Wireless application protocol -- seen as the mobile market's 'Next Big Thing' -- is flopping, says an analyst, hampered by high prices, too many content restrictions and not enough apps.
Too-high prices, a lack of applications and carrier-imposed content restrictions will prevent WAP -- touted as the mobile market's next big thing -- from being more than a "toy" in Australia.
Most WAP (wireless application protocol) users can only view the content prescribed by their carrier. And at an average cost of 20 cents per minute, there's little reason to keep them interested, according to telecommunications industry analyst Paul Budde.
"WAP is crap -- there are a lot of problems in the area. It is a toy for companies to learn about. So far, none of the applications are compelling," Budde told ZDNet Australia. Budde said his prognosis is not surprising, because "in Germany and the UK, WAP has flopped. It is seen as a dead duck".
Stock quotes and horoscopes are the two most popular applications on the Cable & Wireless Optus WAP service, according to a CWO spokeswoman. However, with a small pool of subscribers, there's little to suggest these applications will increase WAP's appeal.
"There are maybe 5,000 users (in Australia), which means for a number one application there are maybe 500 people using it -- Geez! Why would people use WAP and pay high charges like 20 cents a minute for horoscopes?" Budde said the industry has to come back with better prices and better applications or WAP is doomed here.
Many WAP customers are restricted, one way or another, to viewing only the content provided by their telco's WAP portal. Enclosed services have been described as "walled gardens," where the territory within is closely guarded by carriers.
"It's very attractive for a telecom operator who wants to control the customer relationship," said Adrian Rischmueller, CEO of startup Jumbuck, which operates a Web to WAP interface and makes WAP-based chat software.
"Some telcos believe charging for content is more profitable than service charges, so the customer relationship is very important. The aim of the game is to make money serving content through the portal. We don't think it's a very fair scenario," Rischmueller said.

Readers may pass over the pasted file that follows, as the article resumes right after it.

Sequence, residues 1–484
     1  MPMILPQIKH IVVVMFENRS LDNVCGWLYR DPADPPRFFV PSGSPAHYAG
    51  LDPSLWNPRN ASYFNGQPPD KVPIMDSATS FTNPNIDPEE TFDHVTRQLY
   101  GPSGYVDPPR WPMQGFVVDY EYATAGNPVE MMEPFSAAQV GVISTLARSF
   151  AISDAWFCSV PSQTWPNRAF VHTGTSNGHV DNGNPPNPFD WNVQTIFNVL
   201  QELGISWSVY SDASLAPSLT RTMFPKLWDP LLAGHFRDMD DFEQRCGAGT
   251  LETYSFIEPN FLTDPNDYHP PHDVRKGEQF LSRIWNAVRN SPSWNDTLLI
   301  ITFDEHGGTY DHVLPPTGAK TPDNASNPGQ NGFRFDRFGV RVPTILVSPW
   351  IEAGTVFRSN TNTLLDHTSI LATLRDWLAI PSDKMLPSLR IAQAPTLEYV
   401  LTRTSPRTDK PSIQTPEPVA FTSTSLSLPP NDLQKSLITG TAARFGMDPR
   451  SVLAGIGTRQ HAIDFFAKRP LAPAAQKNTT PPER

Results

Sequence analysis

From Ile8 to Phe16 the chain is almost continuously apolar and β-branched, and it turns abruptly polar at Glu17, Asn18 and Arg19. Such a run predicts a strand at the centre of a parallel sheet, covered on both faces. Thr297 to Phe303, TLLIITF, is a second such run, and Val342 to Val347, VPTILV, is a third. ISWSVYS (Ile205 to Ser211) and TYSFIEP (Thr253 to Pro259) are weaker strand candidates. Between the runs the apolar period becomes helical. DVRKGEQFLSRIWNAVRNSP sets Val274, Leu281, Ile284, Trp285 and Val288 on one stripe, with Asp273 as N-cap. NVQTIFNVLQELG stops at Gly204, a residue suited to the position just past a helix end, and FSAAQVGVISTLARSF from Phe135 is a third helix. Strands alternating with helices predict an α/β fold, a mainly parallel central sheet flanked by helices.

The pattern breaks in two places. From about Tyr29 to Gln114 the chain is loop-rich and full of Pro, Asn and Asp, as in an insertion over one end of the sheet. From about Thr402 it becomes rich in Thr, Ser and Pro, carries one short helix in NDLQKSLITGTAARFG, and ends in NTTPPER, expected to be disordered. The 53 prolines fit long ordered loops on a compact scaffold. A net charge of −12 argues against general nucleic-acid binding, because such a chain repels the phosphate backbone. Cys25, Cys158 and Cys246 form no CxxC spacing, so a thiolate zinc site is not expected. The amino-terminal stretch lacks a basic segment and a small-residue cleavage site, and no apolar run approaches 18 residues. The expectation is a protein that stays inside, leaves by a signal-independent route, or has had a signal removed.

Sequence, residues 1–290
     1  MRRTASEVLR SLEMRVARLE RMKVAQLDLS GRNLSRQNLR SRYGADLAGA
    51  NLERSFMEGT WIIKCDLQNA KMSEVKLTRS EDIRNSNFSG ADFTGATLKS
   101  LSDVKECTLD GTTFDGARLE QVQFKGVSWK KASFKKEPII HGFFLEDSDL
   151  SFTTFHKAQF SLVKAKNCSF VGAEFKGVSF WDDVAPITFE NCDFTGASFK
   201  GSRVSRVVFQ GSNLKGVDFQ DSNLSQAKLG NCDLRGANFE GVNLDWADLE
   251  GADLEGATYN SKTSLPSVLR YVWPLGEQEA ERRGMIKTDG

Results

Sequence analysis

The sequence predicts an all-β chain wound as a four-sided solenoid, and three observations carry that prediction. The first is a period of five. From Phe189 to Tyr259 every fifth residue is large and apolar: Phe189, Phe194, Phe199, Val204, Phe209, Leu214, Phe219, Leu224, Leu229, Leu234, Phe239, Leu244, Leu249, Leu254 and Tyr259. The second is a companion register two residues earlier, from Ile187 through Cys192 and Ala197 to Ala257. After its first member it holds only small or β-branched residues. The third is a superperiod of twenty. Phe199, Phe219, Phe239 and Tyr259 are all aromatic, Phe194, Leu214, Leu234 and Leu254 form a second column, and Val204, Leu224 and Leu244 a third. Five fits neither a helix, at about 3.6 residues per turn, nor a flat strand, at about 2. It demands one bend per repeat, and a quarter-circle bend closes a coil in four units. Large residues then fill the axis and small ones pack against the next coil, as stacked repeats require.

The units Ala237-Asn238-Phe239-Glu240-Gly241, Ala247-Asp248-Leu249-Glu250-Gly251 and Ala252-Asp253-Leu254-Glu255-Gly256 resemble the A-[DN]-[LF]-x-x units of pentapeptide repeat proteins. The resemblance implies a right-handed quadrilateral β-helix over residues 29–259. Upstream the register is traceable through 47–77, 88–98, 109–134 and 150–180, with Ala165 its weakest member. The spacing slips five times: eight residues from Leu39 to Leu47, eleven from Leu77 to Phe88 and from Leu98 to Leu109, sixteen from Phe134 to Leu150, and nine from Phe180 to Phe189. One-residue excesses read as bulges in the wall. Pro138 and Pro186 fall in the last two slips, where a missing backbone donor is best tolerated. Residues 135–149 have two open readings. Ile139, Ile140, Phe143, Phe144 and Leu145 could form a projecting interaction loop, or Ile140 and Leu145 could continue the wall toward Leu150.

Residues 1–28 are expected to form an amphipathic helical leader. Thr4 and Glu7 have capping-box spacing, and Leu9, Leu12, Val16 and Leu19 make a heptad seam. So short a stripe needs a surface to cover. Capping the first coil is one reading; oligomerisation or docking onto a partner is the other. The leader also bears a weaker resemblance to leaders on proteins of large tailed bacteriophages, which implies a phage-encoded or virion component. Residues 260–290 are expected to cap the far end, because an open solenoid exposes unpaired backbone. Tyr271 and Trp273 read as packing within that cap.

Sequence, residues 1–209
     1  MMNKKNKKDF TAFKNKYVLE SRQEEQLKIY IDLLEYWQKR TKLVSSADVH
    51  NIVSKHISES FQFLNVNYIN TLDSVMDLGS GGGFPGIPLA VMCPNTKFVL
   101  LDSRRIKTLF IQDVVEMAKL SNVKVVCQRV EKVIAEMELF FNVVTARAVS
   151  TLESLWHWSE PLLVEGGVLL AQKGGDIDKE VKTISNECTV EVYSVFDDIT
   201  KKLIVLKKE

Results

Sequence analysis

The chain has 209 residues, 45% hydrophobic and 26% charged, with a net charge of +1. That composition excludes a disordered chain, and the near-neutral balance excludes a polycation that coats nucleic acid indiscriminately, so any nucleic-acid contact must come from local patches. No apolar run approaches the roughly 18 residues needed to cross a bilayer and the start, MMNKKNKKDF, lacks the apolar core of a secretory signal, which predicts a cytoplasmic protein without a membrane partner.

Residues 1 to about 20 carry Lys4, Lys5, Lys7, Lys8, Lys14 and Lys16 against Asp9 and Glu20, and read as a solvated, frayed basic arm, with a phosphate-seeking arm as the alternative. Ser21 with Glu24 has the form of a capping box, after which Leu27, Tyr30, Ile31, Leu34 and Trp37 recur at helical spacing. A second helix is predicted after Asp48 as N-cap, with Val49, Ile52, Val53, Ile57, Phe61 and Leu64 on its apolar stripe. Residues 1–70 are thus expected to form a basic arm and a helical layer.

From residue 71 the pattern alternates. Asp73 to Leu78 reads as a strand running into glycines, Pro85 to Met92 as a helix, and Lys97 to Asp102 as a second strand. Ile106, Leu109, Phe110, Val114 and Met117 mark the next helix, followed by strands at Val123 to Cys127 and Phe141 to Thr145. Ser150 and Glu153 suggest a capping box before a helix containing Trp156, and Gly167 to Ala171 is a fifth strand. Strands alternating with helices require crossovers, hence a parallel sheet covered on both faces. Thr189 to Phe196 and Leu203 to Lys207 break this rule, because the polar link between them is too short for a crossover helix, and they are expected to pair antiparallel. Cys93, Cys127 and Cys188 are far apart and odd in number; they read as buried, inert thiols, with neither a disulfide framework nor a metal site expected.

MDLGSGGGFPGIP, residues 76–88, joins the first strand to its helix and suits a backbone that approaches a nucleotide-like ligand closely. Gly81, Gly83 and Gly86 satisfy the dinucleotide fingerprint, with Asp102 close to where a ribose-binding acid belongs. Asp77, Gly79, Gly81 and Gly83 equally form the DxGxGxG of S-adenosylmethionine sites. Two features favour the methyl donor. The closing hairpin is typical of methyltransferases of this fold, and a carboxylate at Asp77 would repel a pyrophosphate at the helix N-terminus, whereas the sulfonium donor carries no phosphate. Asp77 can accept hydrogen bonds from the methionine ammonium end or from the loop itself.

Cable & Wireless Optus operates its WAP portal as a walled garden and "started off this way, based on customer research," CWO general manager of Mobile, Internet and Data Finola Thompson said.
"Customers didn't want the Net recreated. We may change (the structure) as it evolves, but there is no immediate time frame on it," she said.
Thompson confirmed that some partners pay Cable & Wireless Optus to have their content available to WAP users. "There are a whole range of business models. They pay or we pay, based on what the content is, if they are already producing it," or other factors, she said.
Carriers are desperate to find a way to make money from WAP, according to Budde. "They turn to portals and try to get advertising. But advertisers soon find it doesn't work," he said. "If companies try to run closed portals it defeats the purpose. In Australia you can get away with murder in telecommunications, particularly with our self-regulatory system (but eventually) users will vote with their feet and go away."
For some WAP users it is the handsets themselves that restrict movement from portal to portal. The Motorola T2288 phone, for example, does not allow users to enter a URL. Instead users can only take links provided by the carrier.
The market-leading Nokia 7110 has no such restriction, but subscribers to Telstra's WAP service have been unable to connect with the handset due to what Telstra describes as "interoperability" issues between the carrier's server and the handset's browser, as reported by ZDNet Australia last week.
The idea of getting stock updates on the go, checking e-mail from remote locales and getting customised news updates at the touch of a button certainly has appeal. The question that Steven Vander Haar muses here is -- how you make money out of it? Go to AnchorDesk UK for the news comment.
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